As the hostess & chief cook, I know my part is to turn ordinary ingredients – a bland turkey, stale bread, sour cranberries – into delicious foods, replicas of what we had one year before. The guests know their part is to bring side dishes and wine, and stand around in the kitchen yakking and bumping into each other until I shoo them out. The grandparents ask the same old questions and we yell the answers at them because they won’t wear their hearing aids. We discuss who isn’t there and what we’ll do for Christmas and it certainly looks like it might snow, doesn’t it?

After dinner but before it gets dark, we take a walk to the cemetery (just down the road) to visit those sleeping there, who are not physically with us any more but who still sit around the table as surely as any of the living.

The next day people can go to a restaurant and eat Szechuan lamb or kim chee or whatever they want. But on Thanksgiving we gather together in my tiny house, stuff our resentments and petty squabbles into our pockets for a few hours, and eat turkey.


Last year we went to Amsterdam and I did three posts about food (which can be seen here, here, and here). We went there again in October and – surprise – we continued to eat. This time we did a lot more cooking in our apartment, partly to save money and partly to enjoy the really wonderful produce and ingredients available there.

We learned from the owner of an antique shop that The Netherlands has an enormous food-growing area near Den Haag (The Hague) and in fact supplies a lot of food to Europe.  You wouldn’t think so – I mean, it freezes in a serious way in the Netherlands – but they have developed some pretty efficient greenhouse techniques so even in the dead of winter it’s easy to get delicate produce like fresh mint (a staple in virtually every cafe for hot mint tea) and tomatoes (homemade tomato soup is hugely popular).

Our rented apartment sat a block from the Westerstraat Market and three blocks from the Lindengracht Market/Noorderkerk Market, so twice a week we got to prowl around and look at fresh produce, breads, cheeses, pasta, fish, sausages, poultry, and a lot of other wonderful foods. In addition, conveniently around the corner were two good supermarkets, an organic/gourmet store, and a daily produce stand.

This was the first time we visited in autumn, and the markets had some differences.

Bread and cheese are huge staples in the Netherlands so it’s not a surprise that they make more kinds of bread than anyone can imagine, primarily whole-grain but also some white breads – nothing soft and spongy like in the US, though. Specialty types are also popular, like pizza bread, olive bread, cheese bread, as well as sweet breads like raisin, fig, etc.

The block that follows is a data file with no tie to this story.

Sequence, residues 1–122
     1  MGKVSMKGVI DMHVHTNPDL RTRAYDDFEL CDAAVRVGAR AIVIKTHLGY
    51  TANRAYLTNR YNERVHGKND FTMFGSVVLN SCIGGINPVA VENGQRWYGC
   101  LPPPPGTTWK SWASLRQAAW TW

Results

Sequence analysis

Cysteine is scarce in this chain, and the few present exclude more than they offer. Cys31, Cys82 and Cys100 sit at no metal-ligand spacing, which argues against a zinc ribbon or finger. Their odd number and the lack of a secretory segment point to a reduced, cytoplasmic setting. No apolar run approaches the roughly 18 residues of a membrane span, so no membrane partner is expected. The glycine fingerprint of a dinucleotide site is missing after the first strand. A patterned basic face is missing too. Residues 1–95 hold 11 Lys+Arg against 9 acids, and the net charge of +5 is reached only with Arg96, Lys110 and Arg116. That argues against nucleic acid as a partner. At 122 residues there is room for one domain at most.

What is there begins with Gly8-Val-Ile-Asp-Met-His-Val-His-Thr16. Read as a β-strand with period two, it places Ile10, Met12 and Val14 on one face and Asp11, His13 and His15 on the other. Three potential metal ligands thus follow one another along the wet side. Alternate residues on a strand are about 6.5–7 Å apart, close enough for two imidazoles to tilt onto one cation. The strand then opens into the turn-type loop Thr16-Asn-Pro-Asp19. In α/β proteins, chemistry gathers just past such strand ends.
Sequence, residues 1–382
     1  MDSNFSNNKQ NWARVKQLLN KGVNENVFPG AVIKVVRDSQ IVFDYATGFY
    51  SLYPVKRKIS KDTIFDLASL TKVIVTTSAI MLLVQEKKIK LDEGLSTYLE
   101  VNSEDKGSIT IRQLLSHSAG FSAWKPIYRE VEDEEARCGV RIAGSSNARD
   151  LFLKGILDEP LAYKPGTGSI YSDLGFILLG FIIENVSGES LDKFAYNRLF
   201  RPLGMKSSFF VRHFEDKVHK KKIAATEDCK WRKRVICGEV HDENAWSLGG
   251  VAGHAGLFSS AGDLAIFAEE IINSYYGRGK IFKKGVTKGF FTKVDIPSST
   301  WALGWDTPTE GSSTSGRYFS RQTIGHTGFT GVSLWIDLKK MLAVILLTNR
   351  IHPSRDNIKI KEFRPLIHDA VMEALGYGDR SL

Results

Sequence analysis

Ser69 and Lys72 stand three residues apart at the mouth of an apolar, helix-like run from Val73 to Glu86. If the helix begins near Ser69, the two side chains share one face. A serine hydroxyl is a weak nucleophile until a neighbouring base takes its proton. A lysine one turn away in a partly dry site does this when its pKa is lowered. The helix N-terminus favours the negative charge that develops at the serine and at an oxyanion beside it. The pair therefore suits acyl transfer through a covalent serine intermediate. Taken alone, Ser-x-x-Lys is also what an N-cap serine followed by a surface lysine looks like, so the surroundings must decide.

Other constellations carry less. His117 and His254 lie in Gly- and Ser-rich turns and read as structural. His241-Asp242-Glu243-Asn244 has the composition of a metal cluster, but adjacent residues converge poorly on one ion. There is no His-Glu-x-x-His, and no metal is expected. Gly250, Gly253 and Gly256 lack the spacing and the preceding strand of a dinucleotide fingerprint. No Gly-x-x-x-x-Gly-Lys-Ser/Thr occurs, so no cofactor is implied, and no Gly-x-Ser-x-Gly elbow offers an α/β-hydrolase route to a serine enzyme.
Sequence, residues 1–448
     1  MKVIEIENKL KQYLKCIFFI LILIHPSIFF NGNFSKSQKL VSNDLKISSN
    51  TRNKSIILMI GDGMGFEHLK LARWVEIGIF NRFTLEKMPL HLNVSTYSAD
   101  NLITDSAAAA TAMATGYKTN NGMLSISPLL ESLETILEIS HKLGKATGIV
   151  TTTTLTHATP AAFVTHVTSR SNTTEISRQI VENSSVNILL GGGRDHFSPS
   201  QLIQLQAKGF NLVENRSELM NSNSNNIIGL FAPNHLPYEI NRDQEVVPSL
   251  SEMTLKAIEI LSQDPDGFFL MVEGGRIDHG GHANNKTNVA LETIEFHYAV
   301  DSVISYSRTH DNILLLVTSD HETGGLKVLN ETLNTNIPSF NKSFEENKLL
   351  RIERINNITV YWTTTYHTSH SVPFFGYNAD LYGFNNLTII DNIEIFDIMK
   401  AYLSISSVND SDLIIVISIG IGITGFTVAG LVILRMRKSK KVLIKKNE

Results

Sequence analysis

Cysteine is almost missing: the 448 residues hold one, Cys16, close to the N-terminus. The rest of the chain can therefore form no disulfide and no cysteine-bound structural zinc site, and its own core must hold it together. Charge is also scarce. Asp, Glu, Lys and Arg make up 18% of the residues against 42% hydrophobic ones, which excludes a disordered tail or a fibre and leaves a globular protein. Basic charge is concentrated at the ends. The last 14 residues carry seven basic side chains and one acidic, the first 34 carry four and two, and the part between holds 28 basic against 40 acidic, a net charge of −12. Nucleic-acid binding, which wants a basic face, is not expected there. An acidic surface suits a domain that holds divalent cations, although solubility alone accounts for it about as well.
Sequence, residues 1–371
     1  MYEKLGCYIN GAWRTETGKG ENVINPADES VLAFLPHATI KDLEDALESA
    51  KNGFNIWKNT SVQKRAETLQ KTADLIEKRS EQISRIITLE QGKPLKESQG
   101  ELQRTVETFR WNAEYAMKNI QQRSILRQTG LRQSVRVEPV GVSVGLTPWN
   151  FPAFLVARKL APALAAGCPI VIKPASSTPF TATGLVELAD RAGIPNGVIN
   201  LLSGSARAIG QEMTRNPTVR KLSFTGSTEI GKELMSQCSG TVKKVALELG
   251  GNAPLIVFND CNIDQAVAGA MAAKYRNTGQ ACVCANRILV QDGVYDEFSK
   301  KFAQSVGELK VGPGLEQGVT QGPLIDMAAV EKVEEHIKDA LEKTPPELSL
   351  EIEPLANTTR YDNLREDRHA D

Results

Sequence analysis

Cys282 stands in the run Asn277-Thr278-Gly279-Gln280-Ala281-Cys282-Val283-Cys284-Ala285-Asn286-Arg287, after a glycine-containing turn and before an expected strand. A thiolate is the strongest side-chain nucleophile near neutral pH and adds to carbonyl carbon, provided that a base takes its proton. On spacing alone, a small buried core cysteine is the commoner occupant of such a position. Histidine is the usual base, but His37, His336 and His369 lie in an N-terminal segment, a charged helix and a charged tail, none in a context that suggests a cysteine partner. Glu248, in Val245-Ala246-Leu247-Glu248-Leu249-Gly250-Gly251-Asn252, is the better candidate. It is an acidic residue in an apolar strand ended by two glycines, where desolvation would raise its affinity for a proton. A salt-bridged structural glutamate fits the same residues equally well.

bread at street market


bread in display


This doesn’t even begin to show the many, many kinds of cheeses available. The cheesemongers will always happily give you a taste.


Fresh pasta.

fresh pasta for sale

Since autumn was here, we saw a lot more emphasis on winter produce.



lots of bread

Enormous multi-colored carrots.

multicolor carrots

And more mushrooms – wild and cultivated – than I’ve ever seen here.




Loads of fresh-cured olives and spreads.


Oysters from France and England.


“Stuks” means “pieces.”



In the US, fresh pumpkins are almost exclusively for jack o’lanterns. In Europe, they’re for eating. I bought two, each about the size of a large grapefruit, and made curried pumpkin soup.


We could not believe this: three boxes of raspberries for 98 Euro cents (about $1.40).


Since the weather was getting cooler, you could buy a cup of hot soup at the market.

soup pots

Sweet quick breads, to be purchased and eaten on the spot.

sweet breads

In front of Cafe Thijssen is s statue of Theo Thijssen, a writer and educator. On market day, he holds up kale and cabbages.

thiessen statue

Fresh tomatoes (the brownish ones were especially good).




More mushrooms!

wild mushrooms

Winter squash, turnips, pumpkins – these are foods for a long winter.

winter veg


More pictures of Amsterdam foods to come.


Sometimes you need to pull a rabbit out of your hat. On occasion you find that what you pulled out actually was more like a weasel or a marmot, but now and then it does turn out to be a rabbit, just as you’d hoped.

I’m preparing food for a cocktail party, which has to be all finger foods. I thought Asian chicken lettuce wraps would be good, never mind that I have never made them before. The filling part is easy enough – diced chicken, water chestnuts, peanuts, cilantro, scallions – but the dressing was another story. You can buy all kinds of bottled dressings and some of them taste okay, but it’s fun to mix your own. If you have a well-stocked pantry with Asian ingredients, it’s fast and easy.

Here is what I came up with. This started with a recipe for Vietnamese Chicken and Mint Salad from Nigella Bites by Nigella Lawson, and took off from there.



  • 2 small red Jalapenos, minced
  • 3 fat garlic cloves, pressed or minced
  • 2 Tablespoons minced fresh ginger
  • 3 Tablespoons sugar
  • 2 Tablespoons rice wine vinegar
  • 2 Tablespoons soy sauce or tamari
  • juice of one lime
  • 2 teaspoons sesame oil
  • 1 Tablespoon nam pla
  • 2 Tablespoons Thai sweet chili sauce
  • 1 teaspoon black bean garlic sauce